Inclusive and green growth: Latin America and the Caribbean has served as a global laboratory for some of the most innovative environmentally friendly practices. Accounting for only 6% of global greenhouse emissions the region has the lowest carbon intensive energy matrix of the developing world. It has also adopted payment schemes for preserving the environment. But the economic bonanza of recent years has led to exploding urbanization: over 80% of the region’s population lives in cities. The Bank’s green growth agenda recognizes the paramount importance of the issue to the region’s development, and for preserving natural resources for future generations.
Disaster resilience: Naturally prone to hazards, LAC is home to nine of the top 20 countries exposed to disasters, which cost governments about $2 billion annually. Countries have become more disaster-savvy, but a greater shift towards prevention is needed. The Bank provides tools and mechanisms to boost resilience, including cutting edge instruments such as catastrophic risk insurance.
The Bank supported Latin America’s development agenda by tailoring its diverse financial, knowledge, and convening services to the region’s diverse needs. Through project financing; innovative mechanisms, such as the Climate Investment Funds; and in-depth development research, such as the 2012 flagship report Economic Mobility and the Rise of the Middle Class, the Bank helped address pressing needs.
Overall the World Bank Group committed $11.8 billion in fiscal year 2013 to Latin America and the Caribbean. This includes resources from the International Bank for Reconstruction and Development (IBRD), the International Development Association (IDA), the International Finance Corporation (IFC) and the Multilateral Investment Guarantee Agency (MIGA).
The World Bank (IBRD and IDA) maintained its strong support for the region approving $5.2 billion in new loans in FY13, nearly $4.8 billion from IBRD and $435 million from IDA, the Bank’s fund for the poorest countries. Support was aimed at generating opportunities for all through public and private sector projects that expand public services, improve regional productivity, competitiveness and integration, create quality jobs and assist those most in need.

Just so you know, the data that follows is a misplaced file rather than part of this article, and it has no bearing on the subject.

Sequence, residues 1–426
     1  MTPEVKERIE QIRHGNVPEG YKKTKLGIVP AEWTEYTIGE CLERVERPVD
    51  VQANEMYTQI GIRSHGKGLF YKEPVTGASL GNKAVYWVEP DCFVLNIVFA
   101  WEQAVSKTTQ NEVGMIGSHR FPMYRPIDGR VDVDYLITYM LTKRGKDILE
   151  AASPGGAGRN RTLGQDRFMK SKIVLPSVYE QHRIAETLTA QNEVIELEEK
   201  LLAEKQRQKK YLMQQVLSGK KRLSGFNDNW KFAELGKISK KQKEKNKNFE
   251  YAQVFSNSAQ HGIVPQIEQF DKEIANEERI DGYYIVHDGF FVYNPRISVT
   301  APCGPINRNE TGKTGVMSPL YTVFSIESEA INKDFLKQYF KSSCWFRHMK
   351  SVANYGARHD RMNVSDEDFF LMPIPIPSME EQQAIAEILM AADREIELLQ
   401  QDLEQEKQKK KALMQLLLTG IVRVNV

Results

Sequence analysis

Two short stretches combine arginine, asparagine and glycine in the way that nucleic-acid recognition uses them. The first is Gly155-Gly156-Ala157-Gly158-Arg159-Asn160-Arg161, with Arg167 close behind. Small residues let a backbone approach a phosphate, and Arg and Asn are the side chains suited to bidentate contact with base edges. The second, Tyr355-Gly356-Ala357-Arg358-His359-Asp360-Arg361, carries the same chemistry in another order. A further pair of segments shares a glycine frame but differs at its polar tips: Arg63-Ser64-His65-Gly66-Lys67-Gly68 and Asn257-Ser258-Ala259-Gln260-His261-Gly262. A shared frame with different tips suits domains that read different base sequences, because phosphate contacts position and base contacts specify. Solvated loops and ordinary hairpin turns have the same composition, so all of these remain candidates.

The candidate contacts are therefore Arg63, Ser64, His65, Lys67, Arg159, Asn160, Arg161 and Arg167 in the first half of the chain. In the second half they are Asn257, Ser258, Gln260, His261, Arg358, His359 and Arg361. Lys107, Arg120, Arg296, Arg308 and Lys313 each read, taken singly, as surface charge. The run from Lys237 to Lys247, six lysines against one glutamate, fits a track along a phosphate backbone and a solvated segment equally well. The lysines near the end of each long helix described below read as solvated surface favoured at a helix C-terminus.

Brazil ($3.1 billion), Colombia ($600 million) and Uruguay ($408 million) were the largest borrowers in the region. Haiti received $235 million in IDA grants. Water and sanitation, disaster risk management, and economic policy received the most funding. Latin America and the Caribbean got the largest share of IBRD’s total global new lending at 32%, and 16.5% of total IBRD/IDA lending.
Some notable results include:
In Haiti, over 1.5 million people received targeted cholera and health/sanitation, education and prevention training. Additionally, the Bank provided water treatment products and/or soap to nearly 600,000; and trained over 4,000 health and hygiene agents and medical personnel.
Mexico is increasingly becoming “greener” following an ambitious agenda to mitigate and adapt to climate change, a goal the WB has supported for over a decade. Currently, with Bank support areas under environmental management have increased by 20%.
Support to greater transparency in local government is benefitting more than one million people in Brazil’s Rio Grande do Norte state. US$ 360 million in financing will boost the state’s poverty reduction and shared prosperity agendas.
Also in Brazil more than 600,000 daily passengers benefit from a greener São Paulo metro line.
To help address inequality in Colombia the Bank provided a $600 million development policy loan that will improve collection and management of government revenue – ultimately allowing for better distribution of public resources.
El Salvador saw tax collections increase by 2% of GDP, allowing additional public expenditures towards reducing poverty. In Nicaragua, learning conditions improved across primary schools after 1 million new textbooks were distributed.
About 235,000 people in metropolitan Montevideo, Uruguay, have gained access to safe water. And over 355,000 people from 23 Argentine provinces benefited from investments in infrastructure.
Regionally, a study released in December 2012 found that Latin America’s middle class grew by 50% over the past decade adding about 50 million people to its ranks. For the first time ever, the number of people belonging to the middle class surpassed the number of poor. However, more than one third of Latin Americans still belong to a “vulnerable class”.
In Central America, a region-wide hackathon in February 2013 produced several mobile apps to combat gender violence, a scourge that affects 1 in 3 women globally and about half of the female population in parts of Central America.